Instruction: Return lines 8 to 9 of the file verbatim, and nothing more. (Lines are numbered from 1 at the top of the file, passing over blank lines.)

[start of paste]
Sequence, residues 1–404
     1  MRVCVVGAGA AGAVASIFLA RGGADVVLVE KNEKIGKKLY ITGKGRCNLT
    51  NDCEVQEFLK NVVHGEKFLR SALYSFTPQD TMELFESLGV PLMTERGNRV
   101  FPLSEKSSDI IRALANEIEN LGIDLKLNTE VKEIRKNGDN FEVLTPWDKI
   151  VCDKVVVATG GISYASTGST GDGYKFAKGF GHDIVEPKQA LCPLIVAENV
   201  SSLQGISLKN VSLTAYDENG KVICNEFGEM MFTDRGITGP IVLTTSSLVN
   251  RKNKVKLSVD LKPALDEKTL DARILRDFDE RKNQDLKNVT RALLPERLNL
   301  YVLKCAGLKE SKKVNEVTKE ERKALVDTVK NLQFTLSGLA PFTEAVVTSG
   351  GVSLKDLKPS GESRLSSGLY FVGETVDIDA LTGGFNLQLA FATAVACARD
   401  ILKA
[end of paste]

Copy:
   301  YVLKCAGLKE SKKVNEVTKE ERKALVDTVK NLQFTLSGLA PFTEAVVTSG
   351  GVSLKDLKPS GESRLSSGLY FVGETVDIDA LTGGFNLQLA FATAVACARD